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    Integrated pharmaceutical and biomedical sciences, clinical pharmacology, therapeutics, and professional practice for patient-oriented care and population health in respiratory, cardiovascular, renal disorders and endocrinology.

    About this paper

    Paper title Integrated Modules B
    Subject Pharmacy
    EFTS 0.5
    Points 60 points
    Teaching period Semester 1 (On campus)
    Domestic Tuition Fees ( NZD ) $4,521.00
    International Tuition Fees Tuition Fees for international students are elsewhere on this website.
    Limited to

    Associate Professor Hesham Al-Sallami

    Teaching staff

    Paper Co-ordinator: Hesham Al-Sallami

    Paper Structure

    This paper is divided into three parts:

    1. Introduction to the therapeutic systems (respiratory, cardiovascular, renal, endocrine)
    2. Building integration of the systems
    3. Integration of systems for patient-centred care

    Each part will use context from respiratory, cardiovascular, renal and endocrine systems. Therapeutic areas that will be covered across the three parts, include: common upper respiratory tract infections, respiratory allergic diseases, cystic fibrosis, asthma, hypertension, non-insulin dependent diabetes mellitus, chronic kidney disease, hyperlipidaemia, acute coronary syndromes and myocardial infarction, pulmonary embolism, insulin dependent diabetes mellitus, dysrhythmias, acute kidney injury, chronic obstructive pulmonary disease, heart failure, thyroid disorders, cortisol disorders, end stage renal disease, rheumatic fever, pulmonary fibrosis.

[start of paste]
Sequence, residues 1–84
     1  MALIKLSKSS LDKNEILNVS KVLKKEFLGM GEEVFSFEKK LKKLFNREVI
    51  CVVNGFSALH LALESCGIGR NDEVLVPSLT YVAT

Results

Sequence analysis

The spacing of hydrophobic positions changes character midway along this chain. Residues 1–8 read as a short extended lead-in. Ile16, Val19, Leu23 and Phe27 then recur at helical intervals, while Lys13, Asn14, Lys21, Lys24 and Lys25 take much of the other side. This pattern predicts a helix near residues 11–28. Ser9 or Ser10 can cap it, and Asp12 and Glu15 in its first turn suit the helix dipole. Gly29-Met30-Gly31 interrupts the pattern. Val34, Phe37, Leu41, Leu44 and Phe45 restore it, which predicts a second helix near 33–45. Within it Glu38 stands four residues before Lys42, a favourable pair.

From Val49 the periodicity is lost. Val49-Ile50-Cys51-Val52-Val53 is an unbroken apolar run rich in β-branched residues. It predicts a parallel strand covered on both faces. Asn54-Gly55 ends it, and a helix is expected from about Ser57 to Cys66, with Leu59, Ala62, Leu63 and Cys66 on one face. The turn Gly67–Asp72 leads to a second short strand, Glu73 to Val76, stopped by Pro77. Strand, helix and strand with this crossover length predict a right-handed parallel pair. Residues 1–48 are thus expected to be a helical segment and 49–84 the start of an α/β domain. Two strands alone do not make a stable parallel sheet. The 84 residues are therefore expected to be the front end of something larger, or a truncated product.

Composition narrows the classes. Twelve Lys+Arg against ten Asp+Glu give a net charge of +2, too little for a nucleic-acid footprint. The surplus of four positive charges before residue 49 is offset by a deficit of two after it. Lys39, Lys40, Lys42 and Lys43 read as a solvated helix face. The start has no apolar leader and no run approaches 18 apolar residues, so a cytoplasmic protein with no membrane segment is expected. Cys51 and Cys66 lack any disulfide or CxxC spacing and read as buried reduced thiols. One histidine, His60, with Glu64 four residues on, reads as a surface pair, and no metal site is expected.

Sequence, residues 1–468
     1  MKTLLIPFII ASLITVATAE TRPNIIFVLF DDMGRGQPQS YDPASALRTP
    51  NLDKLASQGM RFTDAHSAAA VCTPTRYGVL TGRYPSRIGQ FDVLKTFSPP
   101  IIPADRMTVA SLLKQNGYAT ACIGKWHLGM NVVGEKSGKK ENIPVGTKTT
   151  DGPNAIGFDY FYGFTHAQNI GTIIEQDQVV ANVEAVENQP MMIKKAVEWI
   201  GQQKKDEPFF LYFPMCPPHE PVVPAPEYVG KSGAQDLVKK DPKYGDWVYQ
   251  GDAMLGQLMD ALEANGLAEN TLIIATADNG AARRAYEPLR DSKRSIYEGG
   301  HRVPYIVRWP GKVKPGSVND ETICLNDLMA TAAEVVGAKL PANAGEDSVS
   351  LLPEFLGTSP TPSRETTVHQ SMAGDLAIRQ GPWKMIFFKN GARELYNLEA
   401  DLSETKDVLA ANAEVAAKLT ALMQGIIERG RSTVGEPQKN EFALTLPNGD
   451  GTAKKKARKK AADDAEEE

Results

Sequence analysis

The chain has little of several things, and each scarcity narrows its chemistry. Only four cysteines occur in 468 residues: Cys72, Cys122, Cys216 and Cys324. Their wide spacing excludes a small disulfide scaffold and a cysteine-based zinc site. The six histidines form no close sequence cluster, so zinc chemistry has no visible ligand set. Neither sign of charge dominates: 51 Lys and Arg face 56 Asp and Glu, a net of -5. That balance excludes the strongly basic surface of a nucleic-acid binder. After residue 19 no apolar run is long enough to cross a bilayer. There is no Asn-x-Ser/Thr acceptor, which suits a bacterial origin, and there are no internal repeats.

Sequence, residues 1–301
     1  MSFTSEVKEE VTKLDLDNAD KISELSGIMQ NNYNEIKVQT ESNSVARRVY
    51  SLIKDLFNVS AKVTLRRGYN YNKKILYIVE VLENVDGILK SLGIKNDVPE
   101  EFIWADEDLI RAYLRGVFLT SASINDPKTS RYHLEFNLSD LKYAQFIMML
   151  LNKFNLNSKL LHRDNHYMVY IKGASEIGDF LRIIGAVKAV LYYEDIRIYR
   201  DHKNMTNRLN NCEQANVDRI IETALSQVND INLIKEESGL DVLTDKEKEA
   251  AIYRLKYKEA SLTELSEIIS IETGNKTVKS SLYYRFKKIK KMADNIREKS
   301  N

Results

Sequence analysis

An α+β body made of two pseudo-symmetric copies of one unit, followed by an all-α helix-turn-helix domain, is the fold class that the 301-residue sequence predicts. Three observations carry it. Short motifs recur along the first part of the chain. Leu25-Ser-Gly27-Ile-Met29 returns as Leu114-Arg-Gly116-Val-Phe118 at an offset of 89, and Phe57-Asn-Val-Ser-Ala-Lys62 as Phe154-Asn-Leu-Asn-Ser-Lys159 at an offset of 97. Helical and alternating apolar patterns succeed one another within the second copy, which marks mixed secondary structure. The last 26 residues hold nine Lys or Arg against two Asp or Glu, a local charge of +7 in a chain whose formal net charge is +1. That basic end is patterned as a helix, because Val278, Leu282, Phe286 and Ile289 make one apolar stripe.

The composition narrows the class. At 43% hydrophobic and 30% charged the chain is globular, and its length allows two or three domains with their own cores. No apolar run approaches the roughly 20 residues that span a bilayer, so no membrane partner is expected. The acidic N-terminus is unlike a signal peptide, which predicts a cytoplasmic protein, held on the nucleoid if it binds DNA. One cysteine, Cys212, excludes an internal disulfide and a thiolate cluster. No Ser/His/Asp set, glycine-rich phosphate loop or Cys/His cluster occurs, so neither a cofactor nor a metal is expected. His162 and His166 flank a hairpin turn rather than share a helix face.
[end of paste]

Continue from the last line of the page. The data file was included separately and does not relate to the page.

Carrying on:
Teaching Arrangements
    • Lectures
    • Workshops
    • Skills Workshops
    • Marae visit
    • Placement

    Textbooks are available through the library.

    Graduate Attributes Emphasised

    Global perspective, Interdisciplinary perspective, Lifelong learning, Scholarship
    View more information about Otago's graduate attributes.

    Learning Outcomes

    Students who successfully complete the paper will:

    • Show awareness of and modify their own communication response based on feedback.
    • Recognise when communication is unsuccessful and adopt appropriate strategies for dealing with it.
    • Communicate clinical information and expert scientific knowledge effectively to different audiences.
    • Use communication technology effectively.
    • Create an environment that is appropriate for consultations.
    • Reflect on how social/cultural factors related to oneself and others impact on communication.
    • Pronounce te reo Māori correctly; understand common and relevant words and use them appropriately.
    • Understand the process of pharmaceutical development.
    • Interpret and predict how the physical and chemical properties of a drug may influence drug effects and pharmacokinetics.
    • Understand the pharmacological actions and metabolic fate associated with drug molecules.
    • Describe the aetiology, pathophysiology, signs and symptoms, risk factors, diagnostic methods, and complications of selected human diseases.
    • Apply the principles of drug pharmacodynamics to understand the actions, drug-drug interactions and side effects of medicines.
    • Apply knowledge of pharmaceutical sciences for patient care.
    • Evaluate and recommend the suitability of a drug, dosage form, dose and / or route of administration with respect to therapeutic efficacy.
    • Consult people to collect demographic, medicine, clinical histories and the person's aspirations appropriately to assess and decide on a treatment plan.
    • Document activities clearly, concisely, and accurately using appropriate medical terminology.
    • Elicit the personal goals of people / whānau and the practical realities of their lives for their care.
    • Describe, integrate, and apply the principles of physiology, pathology, microbiology, pharmacoepidemiology and pharmacotherapy to optimise patient care.